In the cities congregations and churches seem to find little niches. I do not think that is a good development, but I also wonder how much it has to do with birds of a feather flocking together. maybe the congregation doesn’t really intend to be the uppermiddle class congregation, but it ends up being that by default, and another congregation becomes the homeless shelter church. The problem there is we are all God’s Children together, and it would be a shame if my family didn’t let me sit down to thanksgiving dinner with them, because my brothers and sisters make more money than me. A congregation has to work hard to bridge the cultural gaps though.

  • Bryan Lindemood

    “Taize Lent.”
    I didn’t know what it meant. I’m a Lutheran pastor. Its on the sign out front of the church up the hill with the really nice copper roof. I just assumed it meant – “Lent for rich people.”
    Now I know that Taize is a fairly interesting view on what a specific form of music can do to help the focus of the worship service. Maybe its actually something to look into and make a part of our worship music? Then I actually find out there’s some of this music is in our new hymnal. Funny. But I won’t forget my original thought: “Taize” = “for rich people.”
    If I jumped to such dismissive conclusions so easily myself, I wonder what cultural impressions which have nothing to do with the message or theology cause people to write off (or embrace) a certain congregation or denomination or concept as a bad (or lovely) cultural fit for them personally.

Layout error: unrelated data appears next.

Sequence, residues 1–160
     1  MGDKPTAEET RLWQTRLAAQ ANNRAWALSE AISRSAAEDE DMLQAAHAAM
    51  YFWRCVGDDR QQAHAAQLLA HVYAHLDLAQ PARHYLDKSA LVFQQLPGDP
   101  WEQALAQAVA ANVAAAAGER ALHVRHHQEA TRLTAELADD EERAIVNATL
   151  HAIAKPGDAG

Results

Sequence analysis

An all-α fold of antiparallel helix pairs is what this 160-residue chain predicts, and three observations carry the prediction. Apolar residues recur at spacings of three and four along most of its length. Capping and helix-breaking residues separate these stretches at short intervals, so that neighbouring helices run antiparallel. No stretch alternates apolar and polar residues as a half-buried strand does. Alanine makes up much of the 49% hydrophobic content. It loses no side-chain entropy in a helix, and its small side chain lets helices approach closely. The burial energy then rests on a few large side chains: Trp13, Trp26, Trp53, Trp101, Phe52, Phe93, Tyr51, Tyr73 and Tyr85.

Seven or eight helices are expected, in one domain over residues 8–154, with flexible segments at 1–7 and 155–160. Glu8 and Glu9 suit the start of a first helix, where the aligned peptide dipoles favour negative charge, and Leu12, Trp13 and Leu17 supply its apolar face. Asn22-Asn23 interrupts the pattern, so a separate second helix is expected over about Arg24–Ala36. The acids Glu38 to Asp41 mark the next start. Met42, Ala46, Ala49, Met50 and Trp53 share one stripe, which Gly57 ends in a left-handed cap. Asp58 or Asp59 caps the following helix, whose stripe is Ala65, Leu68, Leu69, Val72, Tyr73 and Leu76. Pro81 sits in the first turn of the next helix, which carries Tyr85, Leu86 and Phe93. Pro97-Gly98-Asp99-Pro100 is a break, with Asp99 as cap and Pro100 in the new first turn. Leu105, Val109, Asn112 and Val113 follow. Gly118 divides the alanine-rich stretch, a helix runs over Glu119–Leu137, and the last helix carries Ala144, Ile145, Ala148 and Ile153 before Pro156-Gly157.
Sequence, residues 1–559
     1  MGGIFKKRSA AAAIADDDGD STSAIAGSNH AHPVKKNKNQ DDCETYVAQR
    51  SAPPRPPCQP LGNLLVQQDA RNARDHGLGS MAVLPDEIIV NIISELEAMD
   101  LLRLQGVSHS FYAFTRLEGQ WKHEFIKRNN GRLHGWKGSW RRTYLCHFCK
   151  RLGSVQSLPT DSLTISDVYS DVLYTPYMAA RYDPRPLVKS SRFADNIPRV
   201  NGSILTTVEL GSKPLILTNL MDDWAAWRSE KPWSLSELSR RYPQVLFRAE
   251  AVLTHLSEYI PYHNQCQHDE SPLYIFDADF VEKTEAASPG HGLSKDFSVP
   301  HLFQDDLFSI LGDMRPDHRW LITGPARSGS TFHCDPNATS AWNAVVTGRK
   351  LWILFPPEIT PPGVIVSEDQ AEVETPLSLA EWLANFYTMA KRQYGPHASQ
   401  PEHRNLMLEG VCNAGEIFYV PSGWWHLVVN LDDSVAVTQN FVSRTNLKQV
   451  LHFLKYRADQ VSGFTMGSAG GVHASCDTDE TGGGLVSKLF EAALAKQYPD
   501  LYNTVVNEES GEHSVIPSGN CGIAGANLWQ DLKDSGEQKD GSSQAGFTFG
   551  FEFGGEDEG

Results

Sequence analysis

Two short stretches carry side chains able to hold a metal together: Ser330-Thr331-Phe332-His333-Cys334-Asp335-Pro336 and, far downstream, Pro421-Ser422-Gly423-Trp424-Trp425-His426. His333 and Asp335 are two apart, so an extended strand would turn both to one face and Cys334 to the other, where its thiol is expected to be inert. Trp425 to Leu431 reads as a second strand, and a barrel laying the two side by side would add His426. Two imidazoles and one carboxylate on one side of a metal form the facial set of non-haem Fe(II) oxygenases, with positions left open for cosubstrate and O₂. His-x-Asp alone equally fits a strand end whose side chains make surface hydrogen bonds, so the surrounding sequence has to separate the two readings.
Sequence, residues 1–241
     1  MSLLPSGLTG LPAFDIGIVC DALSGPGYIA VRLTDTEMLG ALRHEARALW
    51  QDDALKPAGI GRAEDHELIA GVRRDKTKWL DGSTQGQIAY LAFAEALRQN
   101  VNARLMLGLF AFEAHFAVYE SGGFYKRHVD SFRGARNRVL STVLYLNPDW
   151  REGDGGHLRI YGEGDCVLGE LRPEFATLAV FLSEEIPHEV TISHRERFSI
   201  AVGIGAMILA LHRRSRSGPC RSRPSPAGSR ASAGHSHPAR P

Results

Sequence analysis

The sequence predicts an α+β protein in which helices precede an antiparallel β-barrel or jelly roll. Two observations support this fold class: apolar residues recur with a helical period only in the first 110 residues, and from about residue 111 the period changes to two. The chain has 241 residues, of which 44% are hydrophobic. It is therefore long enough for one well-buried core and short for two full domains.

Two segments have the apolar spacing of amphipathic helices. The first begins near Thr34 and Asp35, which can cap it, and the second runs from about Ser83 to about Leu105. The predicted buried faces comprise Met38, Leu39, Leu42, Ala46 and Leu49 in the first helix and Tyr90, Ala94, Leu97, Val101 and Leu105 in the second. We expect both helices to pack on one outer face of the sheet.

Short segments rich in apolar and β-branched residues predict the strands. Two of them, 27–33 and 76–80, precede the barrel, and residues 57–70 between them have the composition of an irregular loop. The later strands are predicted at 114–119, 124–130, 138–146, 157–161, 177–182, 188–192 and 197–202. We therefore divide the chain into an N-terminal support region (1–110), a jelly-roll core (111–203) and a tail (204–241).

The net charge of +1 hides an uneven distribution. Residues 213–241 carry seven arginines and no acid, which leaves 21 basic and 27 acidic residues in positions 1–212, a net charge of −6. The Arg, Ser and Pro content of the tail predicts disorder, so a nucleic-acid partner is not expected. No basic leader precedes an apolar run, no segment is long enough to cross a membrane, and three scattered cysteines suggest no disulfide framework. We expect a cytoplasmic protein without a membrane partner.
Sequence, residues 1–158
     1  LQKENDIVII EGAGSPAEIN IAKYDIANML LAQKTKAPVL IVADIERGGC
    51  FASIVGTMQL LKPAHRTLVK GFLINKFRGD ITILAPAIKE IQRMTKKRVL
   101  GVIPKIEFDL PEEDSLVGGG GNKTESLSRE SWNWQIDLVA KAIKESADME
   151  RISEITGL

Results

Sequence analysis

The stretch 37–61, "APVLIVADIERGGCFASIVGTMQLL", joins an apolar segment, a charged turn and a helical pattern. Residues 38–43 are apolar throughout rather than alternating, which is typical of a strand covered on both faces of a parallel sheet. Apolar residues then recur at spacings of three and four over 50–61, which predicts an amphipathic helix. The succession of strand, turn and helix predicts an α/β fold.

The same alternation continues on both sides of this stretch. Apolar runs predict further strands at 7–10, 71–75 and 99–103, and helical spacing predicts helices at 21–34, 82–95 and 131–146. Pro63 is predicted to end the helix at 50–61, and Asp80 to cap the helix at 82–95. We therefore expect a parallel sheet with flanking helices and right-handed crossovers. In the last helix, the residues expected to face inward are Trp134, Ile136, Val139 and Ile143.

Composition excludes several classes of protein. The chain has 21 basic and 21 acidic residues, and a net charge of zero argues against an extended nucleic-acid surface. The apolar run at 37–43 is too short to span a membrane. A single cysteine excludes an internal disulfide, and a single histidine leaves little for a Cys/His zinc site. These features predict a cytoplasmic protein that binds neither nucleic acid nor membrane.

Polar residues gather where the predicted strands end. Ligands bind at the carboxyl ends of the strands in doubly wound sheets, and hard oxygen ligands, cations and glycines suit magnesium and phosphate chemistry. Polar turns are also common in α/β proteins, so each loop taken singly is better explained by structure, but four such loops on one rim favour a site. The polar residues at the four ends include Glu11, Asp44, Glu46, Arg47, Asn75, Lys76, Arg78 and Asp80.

Confession: When former Lutherans tell me that they’ve found a new church body that just “fits” them. I really have a hard time listening to them or taking them seriously. Especially if its not a confessional Lutheran church body.
    Someday I’ll be a better listener – and less judgmental.
    Come, Lord Jesus!

  • Bryan Lindemood

    “Taize Lent.”
    I didn’t know what it meant. I’m a Lutheran pastor. Its on the sign out front of the church up the hill with the really nice copper roof. I just assumed it meant – “Lent for rich people.”
    Now I know that Taize is a fairly interesting view on what a specific form of music can do to help the focus of the worship service. Maybe its actually something to look into and make a part of our worship music? Then I actually find out there’s some of this music is in our new hymnal. Funny. But I won’t forget my original thought: “Taize” = “for rich people.”